The last vestige of a once substantial orchard and farm in the suburbs of Northern Virginia.
Harmon Leroy Salsbury was a native New Yorker who fought in the American Civil War as the white captain of Company D, 26th Regiment, a troop comprised of Black soldiers. After his discharge from the army in 1865, he moved to Vienna, Virginia, with his brother, George, and started a farm and orchard.
Salsbury built strong bonds with the local Black community, selling land parcels to freedmen at favorable rates. He donated the land that would become West End Cemetery and also sold land to the trustees of Sons and Daughters Cemetery, which is the final resting place for several soldiers who served in his unit.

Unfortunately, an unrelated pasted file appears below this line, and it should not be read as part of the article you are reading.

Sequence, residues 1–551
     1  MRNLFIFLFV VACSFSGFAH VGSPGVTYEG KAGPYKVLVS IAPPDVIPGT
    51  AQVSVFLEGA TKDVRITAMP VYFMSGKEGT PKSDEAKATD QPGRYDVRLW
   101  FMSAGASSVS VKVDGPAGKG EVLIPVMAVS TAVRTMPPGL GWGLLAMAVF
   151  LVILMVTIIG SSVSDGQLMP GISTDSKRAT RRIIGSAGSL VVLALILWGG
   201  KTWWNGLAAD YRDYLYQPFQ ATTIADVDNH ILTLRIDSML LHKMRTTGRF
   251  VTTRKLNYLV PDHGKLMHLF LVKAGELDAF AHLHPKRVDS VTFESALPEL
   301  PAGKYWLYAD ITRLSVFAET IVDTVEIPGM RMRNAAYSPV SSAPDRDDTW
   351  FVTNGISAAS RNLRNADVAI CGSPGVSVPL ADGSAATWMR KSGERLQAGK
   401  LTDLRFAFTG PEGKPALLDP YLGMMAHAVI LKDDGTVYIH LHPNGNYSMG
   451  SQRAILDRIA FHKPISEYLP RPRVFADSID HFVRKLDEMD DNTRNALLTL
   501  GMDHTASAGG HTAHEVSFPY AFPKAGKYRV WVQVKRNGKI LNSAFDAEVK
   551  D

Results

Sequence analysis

Many historic homes in Vienna stand on the 250 acres that were once part of Salsbury’s Dairy Farm. The small corner lot that makes up his namesake park was donated to the town of Vienna in 1938 by Salsbury’s third wife, Lucia, and his children.
The park has been dedicated as a Certified Native Habitat by the National Wildlife Federation. It is home to several native trees and plants, including river birches, serviceberry, button bushes, and golden ragwort.
The Louise Archer School was built in 1939 and was near the spring on Nutley Street. Students carried water from there to the school in buckets.
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